How Virtual Races Let Me Travel When We Can’t Actually Go Anywhere

When I joined my first online running club in 2018, I had no idea that virtual races would one day become the only option. I encountered Fanthropy Running Clubs through some accident of internet wizardry, and joined because it took only the click of a button.

That January I’d resolved to become a runner, and to find a running community to keep me motivated. But, the runners I’d seen breezing around my neighborhood in their matching club gear on Sunday mornings intimidated me. They seemed so fast, so strong, so… well, not like me.

I told myself I’d work up to it. That I’d go for an in-person group run when I could run a mile without stopping… two miles… okay, maybe three.

As I kept changing my excuse for avoiding in-person group runs, I fell in love with the Fanthropy online community and virtual racing along with it.

I spent a lot of time explaining my new hobby to people, since virtual races were then largely unknown.

We sign up for events on the honor system, getting the miles on our own time, either on the suggested run date or not. Each race supports a different charity partner and has its own unique theme with a medal and t-shirt to match.

And then, there are the real-time virtual races, exhilarating and exhausting 10-day events hosted on a platform called Racery.

During these events, participants join teams (each with their own name and avatar). When the race starts, each team members runs and walks intentional (not incidental to another activity, like grocery shopping or working retail) miles to speed our avatars along the virtual map and cross the finish line.

I watched the first events from afar, marveling at the all-encompassing nature of them. People just… moved, for 10 days straight, without seeming to stop or do anything else.

Crazy at looks from the outside, when I finally threw my Brooks running shoes into the Racery ring, it was love at first mile.

For those who haven’t used it before, the platform lets you map out a virtual race course pretty much anywhere you like as like as Google can map it. Why is Google maps a requirement, you ask? Well, that’s arguably the best part.

Whenever you log miles in Racery, there’s an option to pull up the Google Street View to see where you’ve landed yourself or your team along the course.

If I loved this feature in pre-pandemic times, that’s nothing compared with how logging my Racery miles feels now. Two years later, I’m as obnoxiously obsessed with these online virtual race events as ever, and suddenly it feels like the rest of the world is catching up.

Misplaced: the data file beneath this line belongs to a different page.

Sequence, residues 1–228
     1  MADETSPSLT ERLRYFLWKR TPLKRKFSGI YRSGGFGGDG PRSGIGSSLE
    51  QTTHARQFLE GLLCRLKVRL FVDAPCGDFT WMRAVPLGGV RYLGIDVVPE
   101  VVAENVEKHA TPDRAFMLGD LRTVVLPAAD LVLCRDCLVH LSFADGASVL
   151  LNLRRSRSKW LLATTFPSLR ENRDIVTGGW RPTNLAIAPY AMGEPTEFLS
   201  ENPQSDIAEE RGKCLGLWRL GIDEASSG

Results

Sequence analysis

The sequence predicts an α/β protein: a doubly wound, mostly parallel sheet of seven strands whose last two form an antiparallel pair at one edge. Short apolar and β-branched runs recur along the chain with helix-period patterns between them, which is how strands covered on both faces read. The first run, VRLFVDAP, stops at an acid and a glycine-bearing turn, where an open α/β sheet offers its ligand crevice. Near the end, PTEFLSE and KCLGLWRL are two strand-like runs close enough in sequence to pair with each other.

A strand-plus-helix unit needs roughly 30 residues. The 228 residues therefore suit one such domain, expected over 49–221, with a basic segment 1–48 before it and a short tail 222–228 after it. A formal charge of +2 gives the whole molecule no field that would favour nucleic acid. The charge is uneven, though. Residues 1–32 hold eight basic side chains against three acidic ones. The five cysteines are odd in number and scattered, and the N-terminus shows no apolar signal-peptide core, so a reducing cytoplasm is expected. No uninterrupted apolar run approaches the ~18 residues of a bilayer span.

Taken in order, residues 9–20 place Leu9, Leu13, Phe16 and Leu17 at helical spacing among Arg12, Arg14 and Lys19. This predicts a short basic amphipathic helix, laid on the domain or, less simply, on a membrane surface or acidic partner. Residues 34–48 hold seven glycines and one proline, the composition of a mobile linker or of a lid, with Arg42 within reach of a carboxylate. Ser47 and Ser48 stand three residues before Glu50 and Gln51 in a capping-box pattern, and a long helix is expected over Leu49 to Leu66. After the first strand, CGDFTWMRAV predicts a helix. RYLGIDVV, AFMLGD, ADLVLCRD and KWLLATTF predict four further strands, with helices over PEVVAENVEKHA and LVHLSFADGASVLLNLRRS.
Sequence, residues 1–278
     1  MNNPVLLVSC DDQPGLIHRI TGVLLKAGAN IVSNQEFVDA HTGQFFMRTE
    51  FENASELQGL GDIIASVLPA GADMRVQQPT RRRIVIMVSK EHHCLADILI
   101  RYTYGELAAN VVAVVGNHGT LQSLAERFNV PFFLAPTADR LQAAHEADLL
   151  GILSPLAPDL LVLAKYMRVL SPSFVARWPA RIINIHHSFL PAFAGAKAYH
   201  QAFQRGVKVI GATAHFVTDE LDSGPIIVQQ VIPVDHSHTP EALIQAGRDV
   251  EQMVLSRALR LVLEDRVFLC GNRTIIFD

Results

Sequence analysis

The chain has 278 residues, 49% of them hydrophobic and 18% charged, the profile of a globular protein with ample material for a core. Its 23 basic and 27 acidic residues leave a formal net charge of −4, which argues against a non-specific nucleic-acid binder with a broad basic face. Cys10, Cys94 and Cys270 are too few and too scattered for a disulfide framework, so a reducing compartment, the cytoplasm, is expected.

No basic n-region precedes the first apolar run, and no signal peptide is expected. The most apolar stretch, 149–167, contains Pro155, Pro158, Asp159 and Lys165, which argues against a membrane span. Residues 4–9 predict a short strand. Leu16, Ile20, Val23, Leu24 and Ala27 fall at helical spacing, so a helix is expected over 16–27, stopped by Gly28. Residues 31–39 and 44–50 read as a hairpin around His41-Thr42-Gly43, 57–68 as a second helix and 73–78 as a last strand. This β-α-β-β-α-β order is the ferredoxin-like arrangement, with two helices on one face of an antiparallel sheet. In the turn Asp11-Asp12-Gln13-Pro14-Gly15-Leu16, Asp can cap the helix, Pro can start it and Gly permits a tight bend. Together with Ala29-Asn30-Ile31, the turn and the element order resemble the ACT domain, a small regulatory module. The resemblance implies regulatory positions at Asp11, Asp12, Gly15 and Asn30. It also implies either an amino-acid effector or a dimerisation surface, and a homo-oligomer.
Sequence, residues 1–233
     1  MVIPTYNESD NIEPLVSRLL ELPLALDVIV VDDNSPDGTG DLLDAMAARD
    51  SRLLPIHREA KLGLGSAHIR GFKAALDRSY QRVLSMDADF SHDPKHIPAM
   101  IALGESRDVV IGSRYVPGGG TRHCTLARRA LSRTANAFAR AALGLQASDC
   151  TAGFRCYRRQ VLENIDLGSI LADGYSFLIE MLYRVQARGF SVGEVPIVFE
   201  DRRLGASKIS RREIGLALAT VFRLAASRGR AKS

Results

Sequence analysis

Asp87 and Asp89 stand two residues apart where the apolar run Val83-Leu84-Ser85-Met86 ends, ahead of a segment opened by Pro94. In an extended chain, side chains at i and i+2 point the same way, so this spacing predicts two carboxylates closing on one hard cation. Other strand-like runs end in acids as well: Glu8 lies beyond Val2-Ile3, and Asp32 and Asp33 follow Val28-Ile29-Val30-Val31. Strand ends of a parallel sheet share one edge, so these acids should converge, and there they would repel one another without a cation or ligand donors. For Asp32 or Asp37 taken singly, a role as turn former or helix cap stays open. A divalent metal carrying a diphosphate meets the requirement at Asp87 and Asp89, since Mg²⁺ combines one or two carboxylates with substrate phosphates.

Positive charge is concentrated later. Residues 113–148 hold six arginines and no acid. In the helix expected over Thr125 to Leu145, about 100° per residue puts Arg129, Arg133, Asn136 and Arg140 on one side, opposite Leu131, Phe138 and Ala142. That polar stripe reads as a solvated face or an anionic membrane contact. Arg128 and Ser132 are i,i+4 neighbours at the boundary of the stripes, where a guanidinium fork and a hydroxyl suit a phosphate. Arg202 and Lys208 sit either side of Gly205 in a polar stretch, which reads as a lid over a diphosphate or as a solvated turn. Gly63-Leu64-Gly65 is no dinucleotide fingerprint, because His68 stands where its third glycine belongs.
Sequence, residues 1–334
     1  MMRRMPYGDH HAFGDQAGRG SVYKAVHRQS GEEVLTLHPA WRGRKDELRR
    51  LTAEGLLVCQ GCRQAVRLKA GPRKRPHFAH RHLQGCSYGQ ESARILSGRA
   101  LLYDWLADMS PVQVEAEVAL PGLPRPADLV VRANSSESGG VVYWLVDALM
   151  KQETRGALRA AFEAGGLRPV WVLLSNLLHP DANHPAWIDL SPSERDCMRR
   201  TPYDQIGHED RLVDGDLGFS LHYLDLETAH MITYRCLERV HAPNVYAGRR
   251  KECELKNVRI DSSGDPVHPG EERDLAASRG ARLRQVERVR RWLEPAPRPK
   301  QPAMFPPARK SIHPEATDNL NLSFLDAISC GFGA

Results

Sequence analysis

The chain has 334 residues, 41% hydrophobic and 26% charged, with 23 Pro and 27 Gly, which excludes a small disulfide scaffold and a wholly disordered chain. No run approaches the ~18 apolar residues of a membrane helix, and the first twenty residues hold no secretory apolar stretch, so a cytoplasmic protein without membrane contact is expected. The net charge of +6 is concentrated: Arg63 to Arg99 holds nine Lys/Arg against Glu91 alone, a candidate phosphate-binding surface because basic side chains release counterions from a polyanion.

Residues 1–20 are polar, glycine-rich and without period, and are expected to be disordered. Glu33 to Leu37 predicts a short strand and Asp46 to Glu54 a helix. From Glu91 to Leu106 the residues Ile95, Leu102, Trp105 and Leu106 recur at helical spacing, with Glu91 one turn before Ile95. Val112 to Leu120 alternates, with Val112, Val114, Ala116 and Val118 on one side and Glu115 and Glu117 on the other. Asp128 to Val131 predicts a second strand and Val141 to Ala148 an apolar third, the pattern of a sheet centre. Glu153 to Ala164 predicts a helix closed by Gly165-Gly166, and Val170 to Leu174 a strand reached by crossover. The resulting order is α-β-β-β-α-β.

When IRL races first began getting cancelled or switched to “virtual” in 2020, opinions were mixed, to say the least. Many were confused, some outraged, at the notion that you could earn your medal/shirt/sense of accomplishment without coming together physically.

And while I can certainly understand this argument for the competitive runners among us, concerned about factors impacting the validity of their race time and that of their peers, for me the idea was nothing new, at all.

As we entered months of sheltering in place, and my real life perambulations became limited to the streets around our house, I threw myself into Racery with renewed enthusiasm.

Suddenly, the Google street views weren’t just a fun perk. They let me feel like I was somewhere new, seeing new sights, going somewhere besides where I’d been the day before, and the day before that.

From my safe-at-home parameters, I traveled through Chile, Iceland, and more. Though I couldn’t go anywhere new in the real world, I could experience the sensation of a really long walk or run in another country through each mile drop.

When Fandom Running Club announced a yearlong Racery event for 2021, Fans Run the World, I became a real-life version of the “take my money” meme. A full year of “traveling” solo along a 365-mile virtual course through New Zealand, beginning in Hobbiton? I couldn’t sign up fast enough.

Since January 1st, I’ve taken walks and runs for over 100 miles and counting. Each time I log miles, I get to see myself move along the map in New Zealand, watching the countryside go by.

For that moment in my day, I can imagine my way into another country in a time when actually traveling to one isn’t an option. Though I may have gotten that mile doing loops around the quad at work, or on my treadmill in the basement, the 360 panoramas in Racery allow me to pretend my way into travel.

It lets me dream of a day when we can go new places again in a way that feels a little bit more concrete, a more active form of pretend. Each time I log miles, I get a little thrill of wondering where I’ll end up next, whether there will be any surprising landmarks or features.

With those first race postponements in 2020, I don’t think any of us imagined we’d be heading into February 2021 still wondering when safe, in person races would be a possibility again.

I know many of us who love the feel of toeing the starting line for an in-person race miss it terribly, and I certainly look forward to the day when I can run along a real course again, reading spectator signs and cheering on my fellow runners.

But for now, I’m grateful each time I see my little virtual avatar move along the map, and even though the course may be virtual, the distances my feet cover are real.

Pittsburgh-based writer & wearer of many metaphorical hats. Making words about self, health, books, travel, and more! She/her.

Get the Medium app

A button that says 'Download on the App Store', and if clicked it will lead you to the iOS App store
A button that says 'Get it on, Google Play', and if clicked it will lead you to the Google Play store